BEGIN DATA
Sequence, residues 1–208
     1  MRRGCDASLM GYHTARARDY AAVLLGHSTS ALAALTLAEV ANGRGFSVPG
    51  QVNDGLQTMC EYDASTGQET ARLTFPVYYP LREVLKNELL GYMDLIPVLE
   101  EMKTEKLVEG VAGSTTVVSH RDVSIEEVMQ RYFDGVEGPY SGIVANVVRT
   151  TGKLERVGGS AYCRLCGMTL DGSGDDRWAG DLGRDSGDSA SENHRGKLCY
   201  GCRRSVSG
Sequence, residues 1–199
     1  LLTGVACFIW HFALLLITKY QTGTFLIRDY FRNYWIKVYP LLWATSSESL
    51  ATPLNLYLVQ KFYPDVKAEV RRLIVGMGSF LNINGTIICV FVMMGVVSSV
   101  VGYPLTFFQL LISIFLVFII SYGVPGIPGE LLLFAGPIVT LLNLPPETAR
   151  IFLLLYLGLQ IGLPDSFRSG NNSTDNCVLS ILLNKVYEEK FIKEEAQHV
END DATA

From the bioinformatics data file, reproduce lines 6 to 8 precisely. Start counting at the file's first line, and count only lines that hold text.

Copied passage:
   201  GCRRSVSG
Sequence, residues 1–199
     1  LLTGVACFIW HFALLLITKY QTGTFLIRDY FRNYWIKVYP LLWATSSESL